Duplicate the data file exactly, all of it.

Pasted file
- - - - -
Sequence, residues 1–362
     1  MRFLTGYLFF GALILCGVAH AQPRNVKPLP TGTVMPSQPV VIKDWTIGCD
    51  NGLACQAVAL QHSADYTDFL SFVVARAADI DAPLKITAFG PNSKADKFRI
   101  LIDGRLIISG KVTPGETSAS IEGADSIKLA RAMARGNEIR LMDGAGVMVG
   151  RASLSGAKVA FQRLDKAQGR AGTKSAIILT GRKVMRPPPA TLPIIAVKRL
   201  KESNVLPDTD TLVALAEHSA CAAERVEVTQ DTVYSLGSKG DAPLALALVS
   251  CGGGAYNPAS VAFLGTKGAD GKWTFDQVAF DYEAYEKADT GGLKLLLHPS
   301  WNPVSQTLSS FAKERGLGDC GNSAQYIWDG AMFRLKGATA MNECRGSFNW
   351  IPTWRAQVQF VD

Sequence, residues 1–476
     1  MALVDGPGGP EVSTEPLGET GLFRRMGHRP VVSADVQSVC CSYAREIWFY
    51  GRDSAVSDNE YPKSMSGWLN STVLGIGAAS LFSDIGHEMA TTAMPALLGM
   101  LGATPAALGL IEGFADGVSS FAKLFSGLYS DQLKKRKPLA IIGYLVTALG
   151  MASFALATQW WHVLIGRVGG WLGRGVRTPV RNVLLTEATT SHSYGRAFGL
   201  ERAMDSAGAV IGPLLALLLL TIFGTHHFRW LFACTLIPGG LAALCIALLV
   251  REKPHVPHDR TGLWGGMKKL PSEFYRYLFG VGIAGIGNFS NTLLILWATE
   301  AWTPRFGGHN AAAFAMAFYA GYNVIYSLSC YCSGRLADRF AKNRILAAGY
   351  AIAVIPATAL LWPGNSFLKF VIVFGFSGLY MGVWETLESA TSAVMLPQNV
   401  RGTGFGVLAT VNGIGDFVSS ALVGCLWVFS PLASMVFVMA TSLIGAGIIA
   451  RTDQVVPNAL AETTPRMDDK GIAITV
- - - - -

Sequence, residues 1–362
     1  MRFLTGYLFF GALILCGVAH AQPRNVKPLP TGTVMPSQPV VIKDWTIGCD
    51  NGLACQAVAL QHSADYTDFL SFVVARAADI DAPLKITAFG PNSKADKFRI
   101  LIDGRLIISG KVTPGETSAS IEGADSIKLA RAMARGNEIR LMDGAGVMVG
   151  RASLSGAKVA FQRLDKAQGR AGTKSAIILT GRKVMRPPPA TLPIIAVKRL
   201  KESNVLPDTD TLVALAEHSA CAAERVEVTQ DTVYSLGSKG DAPLALALVS
   251  CGGGAYNPAS VAFLGTKGAD GKWTFDQVAF DYEAYEKADT GGLKLLLHPS
   301  WNPVSQTLSS FAKERGLGDC GNSAQYIWDG AMFRLKGATA MNECRGSFNW
   351  IPTWRAQVQF VD

Sequence, residues 1–476
     1  MALVDGPGGP EVSTEPLGET GLFRRMGHRP VVSADVQSVC CSYAREIWFY
    51  GRDSAVSDNE YPKSMSGWLN STVLGIGAAS LFSDIGHEMA TTAMPALLGM
   101  LGATPAALGL IEGFADGVSS FAKLFSGLYS DQLKKRKPLA IIGYLVTALG
   151  MASFALATQW WHVLIGRVGG WLGRGVRTPV RNVLLTEATT SHSYGRAFGL
   201  ERAMDSAGAV IGPLLALLLL TIFGTHHFRW LFACTLIPGG LAALCIALLV
   251  REKPHVPHDR TGLWGGMKKL PSEFYRYLFG VGIAGIGNFS NTLLILWATE
   301  AWTPRFGGHN AAAFAMAFYA GYNVIYSLSC YCSGRLADRF AKNRILAAGY
   351  AIAVIPATAL LWPGNSFLKF VIVFGFSGLY MGVWETLESA TSAVMLPQNV
   401  RGTGFGVLAT VNGIGDFVSS ALVGCLWVFS PLASMVFVMA TSLIGAGIIA
   451  RTDQVVPNAL AETTPRMDDK GIAITV